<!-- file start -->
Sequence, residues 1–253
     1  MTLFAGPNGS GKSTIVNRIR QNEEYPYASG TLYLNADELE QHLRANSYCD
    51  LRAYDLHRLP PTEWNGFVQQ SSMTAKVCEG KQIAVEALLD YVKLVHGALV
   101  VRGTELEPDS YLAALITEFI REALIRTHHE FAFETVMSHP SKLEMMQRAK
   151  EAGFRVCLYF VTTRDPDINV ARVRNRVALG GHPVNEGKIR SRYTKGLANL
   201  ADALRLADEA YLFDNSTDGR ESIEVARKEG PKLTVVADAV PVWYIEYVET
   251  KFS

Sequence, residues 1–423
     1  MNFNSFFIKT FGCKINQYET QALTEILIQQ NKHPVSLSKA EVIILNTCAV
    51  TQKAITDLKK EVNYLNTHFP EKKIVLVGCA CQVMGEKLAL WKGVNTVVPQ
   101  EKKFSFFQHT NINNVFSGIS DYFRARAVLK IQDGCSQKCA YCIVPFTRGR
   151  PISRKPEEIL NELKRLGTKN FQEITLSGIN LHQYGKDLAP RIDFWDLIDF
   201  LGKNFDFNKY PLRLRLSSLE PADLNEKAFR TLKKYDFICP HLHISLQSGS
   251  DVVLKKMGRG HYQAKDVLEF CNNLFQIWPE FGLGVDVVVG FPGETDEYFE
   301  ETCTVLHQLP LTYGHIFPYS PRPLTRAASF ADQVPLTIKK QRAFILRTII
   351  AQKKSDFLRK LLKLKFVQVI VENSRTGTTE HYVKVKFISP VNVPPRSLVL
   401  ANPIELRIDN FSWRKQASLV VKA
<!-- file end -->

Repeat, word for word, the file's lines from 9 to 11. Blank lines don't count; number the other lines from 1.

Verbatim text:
     1  MNFNSFFIKT FGCKINQYET QALTEILIQQ NKHPVSLSKA EVIILNTCAV
    51  TQKAITDLKK EVNYLNTHFP EKKIVLVGCA CQVMGEKLAL WKGVNTVVPQ
   101  EKKFSFFQHT NINNVFSGIS DYFRARAVLK IQDGCSQKCA YCIVPFTRGR